The American public apparently blames college students for low college graduation rates. According to an article by Eric Gorski in the Seattle Post-Intelligencer:

The public pins most of the blame for poor college graduation rates on students and their parents and gives a pass to colleges, government officials and others, a new Associated Press-Stanford University poll shows.

The belief that students are most at fault for graduation rates is a troubling sign for reformers who have elevated college completion to the forefront of higher education policy debates and pushed colleges to fix the problem, said Michael Kirst, professor emeritus of education and business administration at Stanford.

Well I guess. But it all depends on how you ask the question. As the article explains,

When asked where the blame lies for graduation rates at public four-year colleges, 7 in 10 said students shouldered either a great deal or a lot of it, and 45 percent felt that way about parents. Anywhere between 25 percent and 32 percent of those polled blamed college administrators, professors, teachers, unions, state education officials and federal education officials.

This is an interesting point, but it seems mostly to reveal the limits of surveys as far as policy matters go. Of course individuals are to blame when they don’t graduate from college. If you don’t graduate from college it’s your fault. If I don’t graduate from college it’s my fault. No argument there. But it also doesn’t matter.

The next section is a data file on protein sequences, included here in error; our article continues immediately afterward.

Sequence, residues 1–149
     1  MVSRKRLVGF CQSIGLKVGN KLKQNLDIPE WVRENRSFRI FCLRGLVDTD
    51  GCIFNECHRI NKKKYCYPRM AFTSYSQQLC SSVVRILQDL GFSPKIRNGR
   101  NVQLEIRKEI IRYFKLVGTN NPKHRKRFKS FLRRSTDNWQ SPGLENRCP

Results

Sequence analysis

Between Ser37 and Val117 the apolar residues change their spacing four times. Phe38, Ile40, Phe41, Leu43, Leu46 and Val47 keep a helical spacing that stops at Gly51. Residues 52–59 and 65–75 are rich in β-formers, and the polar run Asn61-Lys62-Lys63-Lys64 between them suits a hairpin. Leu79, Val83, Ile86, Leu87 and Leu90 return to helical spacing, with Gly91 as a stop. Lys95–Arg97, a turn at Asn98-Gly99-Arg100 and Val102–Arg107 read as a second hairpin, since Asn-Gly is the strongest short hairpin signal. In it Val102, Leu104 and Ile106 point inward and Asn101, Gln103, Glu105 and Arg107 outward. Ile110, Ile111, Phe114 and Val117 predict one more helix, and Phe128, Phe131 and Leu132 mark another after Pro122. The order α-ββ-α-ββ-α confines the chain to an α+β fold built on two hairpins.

If almost 40 percent of people who start college never graduate that indicates there might be a systemic problem, no matter who the “public pins most of the blame” on.

As Ben Miller and Phuong Ly noted in an article they wrote for the magazine a few months ago:

Most students who drop out of college don’t fail out of college. They leave because they don’t perceive that the educational benefit of college exceeds the substantial expense of time and money—especially not when it’s coupled with indifferent bureaucracies that pride themselves more on inane complexities than actually helping students. But when students are given high expectations and good teaching to match, they succeed academically. And when they succeed they’re more likely to keep succeeding and eventually earn a degree.

“They leave because they don’t perceive that the educational benefit of college exceeds the substantial expense of time and money.” So sure, it’s their fault. They’re the ones who left. But do we want to assign blame or do we want to fix the problem?

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Daniel Luzer is the news editor at Governing Magazine and former web editor of the Washington Monthly. Find him on Twitter: @Daniel_Luzer